The Healing of a Healer

If you’re a healer, it’s likely that as a child you experienced states of heightened awareness. As a highly sensitive child, your differences from others, and their responses to you, may have made you feel that something was wrong with you. Since our culture does not recognize other dimensional awareness, those of us who came into the world with our senses heightened, tended to have our awareness pathologized.

While you may have been called to develop your inborn gifts, you may have also walled off emotional scars, resentments and deep insecurities which were the result of living in a world that feared and denied realms that were very real to you as a sensitive person. You may have split off parts of yourself to survive in the world.

My understanding of the term wounded healer is one who has not found the way to heal the core wounding experienced from living in an ignorant world. Many healers never do this work. They settle into their skills and identify with their gifts, ignoring the parts of themselves that are never at ease in being alive.

Because of the degree of alienation and inner confusion, a sensitive can find it intolerable to face the dark places within. However, until they do this inner work, I believe they can find working as a healer dangerous to themselves and their patients.

Without knowing it, you may have survived by using your innate ways of sensing and attuning to manage untenable interpersonal situations. Instead of learning that you had gifts and that they were tools to be taken out and put away, you ended up living in a chronic state of attuning through your heightened state of awareness.

It is essential that you develop boundaries that enable you to have choice in the ways and the occasions when you use your gifts. This involves healing early traumas and establishing an inner sense of safety so that you have choice in how you pay attention to the world around you.

While therapy is a key piece to recovering one’s third dimensional story (and this is not the work I do), a therapist who is unaware of multiple dimensions of awareness – from somatic, to energetic, to spiritual, may be unable to thread through core experiences and knowings that you need to bring forward to integrate all levels of your understanding.

If a healer does not dive down to the place of core wounds, there is a likelihood that in the work he or she will:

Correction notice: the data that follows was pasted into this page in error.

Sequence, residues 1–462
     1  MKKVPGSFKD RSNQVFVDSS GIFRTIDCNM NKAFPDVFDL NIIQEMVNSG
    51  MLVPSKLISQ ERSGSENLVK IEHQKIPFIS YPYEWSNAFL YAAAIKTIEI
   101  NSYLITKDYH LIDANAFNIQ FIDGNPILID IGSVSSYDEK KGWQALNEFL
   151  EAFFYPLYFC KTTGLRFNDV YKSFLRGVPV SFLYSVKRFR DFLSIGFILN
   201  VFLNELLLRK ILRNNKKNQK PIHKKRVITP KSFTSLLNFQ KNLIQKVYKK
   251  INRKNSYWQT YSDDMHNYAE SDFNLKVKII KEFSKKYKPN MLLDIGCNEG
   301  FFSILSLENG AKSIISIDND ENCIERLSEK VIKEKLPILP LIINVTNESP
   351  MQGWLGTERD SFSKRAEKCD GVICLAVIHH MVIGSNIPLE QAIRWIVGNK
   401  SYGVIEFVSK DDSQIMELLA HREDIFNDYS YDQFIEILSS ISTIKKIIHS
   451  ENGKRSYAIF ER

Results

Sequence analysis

• become attached to the role of healer
  • identify with the form as the source, rather than consider it as one manifestation of universal energy
  • override client agendas and rhythms
  • ignore core issues in clients
  • project unresolved themes onto clients
  • be unable to have a neutral energy field while working
  • be defensive and unable to be open to a client’s feedback.

The healer’s process of reorientation does not necessitate that core emotional issues and energetic entanglements are cleared. These core unresolved dynamics explain the darkness that one can sense when working with a practitioner. The healer has focused on the skills, rather than attending to personal evolution and resolution of core conflicts.

As a healer, you may face the challenge of being moved to help others while also needing to attend to your own wounds and growth. Since it is so hard to find a colleague skilled enough to help you facilitate your own evolution, you may postpone attending to your own internal prompting toward further transformation.

For many born with innate gifts, it is tempting to leap into the transcendent without fully embodying in the physical dimension. But in order to be fully present as an incarnated being, you must clear the original injuries and misunderstandings that limit your clarity. As long as there are unaddressed core level conflicts hidden by protective mechanisms of thought, you will be unable to be a neutral presence as a practitioner.